Furthermore, the hand lamp can also have a white light lamp which enables the operator to inspect the test field in general.
Typical outside dimensions of a hand lamp in accordance with the invention are roughly 100×100×140 mm (without a handle) and their weight is 1 kg.
Due to the fact that the LEDs require only low operating voltages, the hand lamp can be much more reliably safeguarded than those of the prior art which [require] extremely complex safety measures for the high voltage which is necessary for ignition of a fluorescent tube via a reactor.
It is important to thermally stabilize the LEDs during operation—at elevated temperatures the intensity of the LEDs decreases. Accordingly, the power supply of the LED must be controlled such that it runs as much as possible not at the maximum wattage, so that the LED can be prevented from becoming hot. The intensity of a LED is a function of the power consumption, therefore the supply current of the LEDs must be controlled such that they run in a middle wattage range in order to obtain optimum light yield. Furthermore, to prevent overheating there is preferably a cooling means, such as ventilation slits, fans, and the like.
The control can induce either continuous displays or displays only in an emergency, if monitoring means, such as the temperature sensor, UV sensor, or voltmeter have values outside of a standard range.
Thus, among others the following advantages are achieved by the hand lamp in accordance with the invention:
Prevention of the formation of UVB and UVC
Battery operation at extra-low safety voltage
Immediate readiness for operating after being turned on
Long service life of the illuminant—less maintenance
Insensitivity to vibration
One preferred embodiment is detailed below using the drawing to which the invention is in no way limited.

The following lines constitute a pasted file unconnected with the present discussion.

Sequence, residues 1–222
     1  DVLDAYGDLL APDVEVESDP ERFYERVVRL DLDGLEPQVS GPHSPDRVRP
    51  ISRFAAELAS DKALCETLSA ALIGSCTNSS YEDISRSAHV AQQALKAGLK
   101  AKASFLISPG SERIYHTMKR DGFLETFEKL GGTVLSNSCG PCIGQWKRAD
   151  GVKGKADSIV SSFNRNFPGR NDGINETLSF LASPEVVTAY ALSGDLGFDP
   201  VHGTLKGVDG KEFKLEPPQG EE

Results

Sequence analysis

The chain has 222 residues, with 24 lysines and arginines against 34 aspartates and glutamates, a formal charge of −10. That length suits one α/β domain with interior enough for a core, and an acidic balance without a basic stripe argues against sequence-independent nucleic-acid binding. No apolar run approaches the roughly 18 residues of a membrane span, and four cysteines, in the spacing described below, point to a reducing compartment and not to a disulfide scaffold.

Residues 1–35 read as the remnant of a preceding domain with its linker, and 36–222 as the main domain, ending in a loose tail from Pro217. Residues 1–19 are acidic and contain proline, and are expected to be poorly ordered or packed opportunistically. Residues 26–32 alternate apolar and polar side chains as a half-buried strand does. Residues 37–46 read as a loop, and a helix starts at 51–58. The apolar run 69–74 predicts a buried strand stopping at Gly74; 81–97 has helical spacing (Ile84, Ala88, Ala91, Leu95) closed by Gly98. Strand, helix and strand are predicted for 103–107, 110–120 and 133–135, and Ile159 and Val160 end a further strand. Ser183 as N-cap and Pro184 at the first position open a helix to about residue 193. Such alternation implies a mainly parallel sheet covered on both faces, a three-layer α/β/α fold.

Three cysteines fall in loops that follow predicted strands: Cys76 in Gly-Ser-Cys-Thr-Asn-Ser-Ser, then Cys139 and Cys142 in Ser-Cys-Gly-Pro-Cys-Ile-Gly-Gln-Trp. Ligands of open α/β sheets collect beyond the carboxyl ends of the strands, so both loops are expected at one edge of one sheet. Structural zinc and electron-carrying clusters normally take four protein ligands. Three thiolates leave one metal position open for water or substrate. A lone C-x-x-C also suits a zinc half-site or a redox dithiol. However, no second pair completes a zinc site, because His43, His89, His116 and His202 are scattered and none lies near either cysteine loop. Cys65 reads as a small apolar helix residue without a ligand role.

The sole FIGURE shows a cross section through a schematically shown hand lamp.
As is apparent from the FIG., the hand lamp has a housing 10 with a rib cooling body 12 and a fan 14. Both are used for cooling the LEDs 16 which are located in a radiation field, and as shown, are mounted to a common plate structure the fan within a lamp housing with the rib cooling body being mounted to an end wall of the lamp housing. In front of the radiation field there is a protective pane 18 and a frame for the pane which protects the latter. Cool air from the area of the rib cooling body is routed in the direction of the LED and in the lamp by operation of the fan and thus cooling and prevention of local heating are achieved.
Preferably the housing is splash-proof, therefore leak-proof, and satisfies standard IP65. The lamp furthermore has a control such as a microprocessor which monitors by way of temperature sensors whether a threshold temperature has been exceeded and accordingly controls the power supply to the LEDs. In this way it can be ensured that heat generation can be stabilized. Furthermore, there can be at least one UV sensor in order to check the emission of the LED, and general voltage monitoring. The signals of these measurement means are processed by the control, and optionally displays such as warning lamps, display instruments, etc. are triggered, by which the operator is warned if a battery failure is pending or the power supply is not sufficient. The operator is also warned against overheating of the lamp or against faults of the UV source.
Although the invention has been explained using preferred embodiments, modifications of it are familiar to one skilled in the art and likewise fall within the protective scope of the claims, so that the invention is in no way limited to the exemplary embodiments.